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AWS Identity and Access Management
User Guide

Examples of Policies for Delegating Access

The following examples show how you can allow or grant an AWSaccount access to the resources in another AWS account.

Using Roles to Delegate Access to Another AWS Account's Resources

For a complete walkthrough that shows how to use IAM roles to grant users in one account access to AWS resources that are in another account, see Tutorial: Delegate Access Across AWS Accounts Using IAM Roles.

Important

If your Principal element in a role trust policy contains an ARN that points to a specific IAM role or user, then that ARN is transformed to a unique principal ID when the policy is saved. This helps mitigate the risk of someone escalating their privileges by removing and recreating the role or user. You don't normally see this ID in the console, because there is also a reverse transformation back to the ARN when the trust policy is displayed. However, if you delete the role or user, then the relationship is broken. The policy no longer applies, even if you recreate the user or role because it does not match the principal ID stored in the trust policy. When this happens, the principal ID shows up in the console because AWS can no longer map it back to an ARN. The end result is that if you delete and recreate a user or role referenced in a trust policy's Principal element, you must edit the role to replace the ARN. It will get transformed into the new principal ID when you save the policy.

Using a Policy to Delegate Access To Services

The following example shows a policy that can be attached to a role. The policy enables two services, Amazon EMR and AWS Data Pipeline, to assume the role. The services can then perform any tasks granted by the permissions policy assigned to the role (not shown). Note that to specify multiple service principals, you do not specify two Service elements; you can have only one. Instead, you use an array of multiple service principals as the value of a single Service element.

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{ "Version": "2012-10-17", "Statement": [ { "Effect": "Allow", "Principal": { "Service": [ "elasticmapreduce.amazonaws.com", "datapipeline.amazonaws.com" ] }, "Action": "sts:AssumeRole" } ] }

Using a Resource-based Policy to Delegate Access to an Amazon S3 Bucket in Another Account

In this example, account A uses a resource-based policy (an Amazon S3 bucket policy) to grant account B full access to account A's S3 bucket. Then account B creates an IAM user policy to delegate that access to account A's bucket to one of the users in account B.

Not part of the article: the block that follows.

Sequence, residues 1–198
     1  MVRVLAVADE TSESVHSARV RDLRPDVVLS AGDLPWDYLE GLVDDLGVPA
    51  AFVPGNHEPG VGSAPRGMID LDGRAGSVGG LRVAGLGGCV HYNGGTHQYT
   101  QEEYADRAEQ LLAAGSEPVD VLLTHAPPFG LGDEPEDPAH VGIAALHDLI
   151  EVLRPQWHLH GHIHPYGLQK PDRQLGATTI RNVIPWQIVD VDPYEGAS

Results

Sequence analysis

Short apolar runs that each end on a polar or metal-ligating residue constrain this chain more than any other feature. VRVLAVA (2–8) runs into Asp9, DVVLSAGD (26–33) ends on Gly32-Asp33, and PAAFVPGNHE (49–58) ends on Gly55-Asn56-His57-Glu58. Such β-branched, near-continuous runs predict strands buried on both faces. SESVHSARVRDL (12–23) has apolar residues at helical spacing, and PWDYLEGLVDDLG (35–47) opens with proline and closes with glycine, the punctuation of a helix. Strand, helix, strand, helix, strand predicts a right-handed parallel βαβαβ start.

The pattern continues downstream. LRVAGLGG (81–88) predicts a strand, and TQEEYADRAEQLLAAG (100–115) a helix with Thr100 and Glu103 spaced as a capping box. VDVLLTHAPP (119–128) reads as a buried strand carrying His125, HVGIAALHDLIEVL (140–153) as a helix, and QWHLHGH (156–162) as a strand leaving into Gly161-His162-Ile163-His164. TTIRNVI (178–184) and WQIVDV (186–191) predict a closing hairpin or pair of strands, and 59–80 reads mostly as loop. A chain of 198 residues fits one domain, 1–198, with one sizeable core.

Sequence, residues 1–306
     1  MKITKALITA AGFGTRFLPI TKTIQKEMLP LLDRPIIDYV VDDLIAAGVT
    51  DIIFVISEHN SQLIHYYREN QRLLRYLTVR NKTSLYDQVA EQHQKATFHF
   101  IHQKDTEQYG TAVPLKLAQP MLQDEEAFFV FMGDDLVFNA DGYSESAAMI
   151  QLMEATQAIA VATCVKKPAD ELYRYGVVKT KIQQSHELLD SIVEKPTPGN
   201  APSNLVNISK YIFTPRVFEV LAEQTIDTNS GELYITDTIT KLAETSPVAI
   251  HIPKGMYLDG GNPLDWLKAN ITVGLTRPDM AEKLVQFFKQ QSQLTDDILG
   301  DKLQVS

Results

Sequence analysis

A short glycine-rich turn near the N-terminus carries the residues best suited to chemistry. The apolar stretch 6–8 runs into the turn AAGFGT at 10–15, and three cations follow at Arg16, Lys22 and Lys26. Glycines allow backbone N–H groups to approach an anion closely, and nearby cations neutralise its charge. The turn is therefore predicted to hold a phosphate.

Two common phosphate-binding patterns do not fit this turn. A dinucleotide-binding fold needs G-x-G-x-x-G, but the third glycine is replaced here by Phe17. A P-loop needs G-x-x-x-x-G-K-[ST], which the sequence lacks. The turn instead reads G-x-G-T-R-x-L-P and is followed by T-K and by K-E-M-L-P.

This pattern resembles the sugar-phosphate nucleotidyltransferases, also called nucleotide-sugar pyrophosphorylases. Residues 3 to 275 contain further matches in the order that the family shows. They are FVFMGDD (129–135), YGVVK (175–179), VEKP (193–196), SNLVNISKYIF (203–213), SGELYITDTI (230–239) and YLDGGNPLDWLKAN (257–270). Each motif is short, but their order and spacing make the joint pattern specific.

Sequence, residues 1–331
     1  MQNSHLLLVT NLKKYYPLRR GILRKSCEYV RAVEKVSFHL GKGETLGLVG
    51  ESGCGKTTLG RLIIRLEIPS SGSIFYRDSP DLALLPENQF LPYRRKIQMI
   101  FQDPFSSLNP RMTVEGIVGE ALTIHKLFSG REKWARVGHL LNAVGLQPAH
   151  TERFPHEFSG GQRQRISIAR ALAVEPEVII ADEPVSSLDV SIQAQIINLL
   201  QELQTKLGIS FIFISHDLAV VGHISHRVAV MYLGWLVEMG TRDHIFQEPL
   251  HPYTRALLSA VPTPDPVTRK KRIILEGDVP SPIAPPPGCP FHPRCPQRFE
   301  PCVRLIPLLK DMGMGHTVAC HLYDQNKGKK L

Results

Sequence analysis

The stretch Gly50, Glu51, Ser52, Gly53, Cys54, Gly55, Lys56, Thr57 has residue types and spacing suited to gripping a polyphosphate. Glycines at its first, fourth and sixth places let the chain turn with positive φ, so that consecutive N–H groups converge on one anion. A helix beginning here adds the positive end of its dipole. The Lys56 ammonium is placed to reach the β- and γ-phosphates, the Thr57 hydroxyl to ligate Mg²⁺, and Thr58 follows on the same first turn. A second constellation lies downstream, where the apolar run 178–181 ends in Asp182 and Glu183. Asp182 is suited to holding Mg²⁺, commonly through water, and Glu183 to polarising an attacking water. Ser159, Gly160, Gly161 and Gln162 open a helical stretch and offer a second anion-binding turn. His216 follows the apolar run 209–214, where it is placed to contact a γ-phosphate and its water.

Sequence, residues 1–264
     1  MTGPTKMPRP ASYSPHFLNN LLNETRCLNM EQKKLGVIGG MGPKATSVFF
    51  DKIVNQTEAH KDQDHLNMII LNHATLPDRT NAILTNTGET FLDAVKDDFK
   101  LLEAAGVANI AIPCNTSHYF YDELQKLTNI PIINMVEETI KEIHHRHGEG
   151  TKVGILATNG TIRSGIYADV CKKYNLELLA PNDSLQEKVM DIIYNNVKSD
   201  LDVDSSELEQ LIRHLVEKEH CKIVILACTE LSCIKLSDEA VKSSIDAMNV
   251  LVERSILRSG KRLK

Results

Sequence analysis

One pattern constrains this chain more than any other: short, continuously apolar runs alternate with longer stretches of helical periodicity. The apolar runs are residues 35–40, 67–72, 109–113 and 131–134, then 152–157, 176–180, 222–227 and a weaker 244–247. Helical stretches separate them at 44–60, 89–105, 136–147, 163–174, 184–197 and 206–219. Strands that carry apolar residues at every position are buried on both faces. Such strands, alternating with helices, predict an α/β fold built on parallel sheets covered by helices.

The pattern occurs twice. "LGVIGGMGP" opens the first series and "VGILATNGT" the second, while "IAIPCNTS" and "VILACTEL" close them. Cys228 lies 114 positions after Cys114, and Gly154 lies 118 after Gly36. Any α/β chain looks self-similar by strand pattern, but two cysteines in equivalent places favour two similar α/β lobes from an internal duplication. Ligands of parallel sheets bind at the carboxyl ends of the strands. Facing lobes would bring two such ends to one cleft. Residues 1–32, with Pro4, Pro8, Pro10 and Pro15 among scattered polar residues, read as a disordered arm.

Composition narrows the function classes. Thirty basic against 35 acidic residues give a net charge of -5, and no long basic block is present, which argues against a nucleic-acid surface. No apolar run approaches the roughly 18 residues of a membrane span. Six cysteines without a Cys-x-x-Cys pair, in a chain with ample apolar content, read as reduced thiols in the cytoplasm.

The S3 bucket policy in account A might look like the following policy. In this example, account A's S3 bucket is named mybucket, and account B's account number is 111122223333. It does not specify any individual users or groups in account B, only the account itself.

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{ "Version": "2012-10-17", "Statement": { "Sid": "AccountBAccess1", "Effect": "Allow", "Principal": {"AWS": "111122223333"}, "Action": "s3:*", "Resource": [ "arn:aws:s3:::mybucket", "arn:aws:s3:::mybucket/*" ] } }

Alternatively, account A can use Amazon S3 Access Control Lists (ACLs) to grant account B access to an S3 bucket or a single object within a bucket. In that case, the only thing that changes is how account A grants access to account B. Account B still uses a policy to delegate access to an IAM group in account B, as described in the next part of this example. For more information about controlling access on S3 buckets and objects, go to Access Control in the Amazon Simple Storage Service Developer Guide.

The following policy sample completes the example above and shows the IAM group (or user) policy that the administrator of account B might create to delegate read access to a group or user in account B. Even though the policy above grants access to account B, individual groups and users in account B cannot access the resource until a group or user policy explicitly grants permissions to the resource. The permissions in this policy can only be a subset of those in the cross-account policy above. Account B cannot grant more permissions to its groups and users than account A granted to account B in the first policy. In this policy, the Action element is explicitly defined to allow only List actions, and the Resource element of this policy matches the Resource for the bucket policy implemented by account A.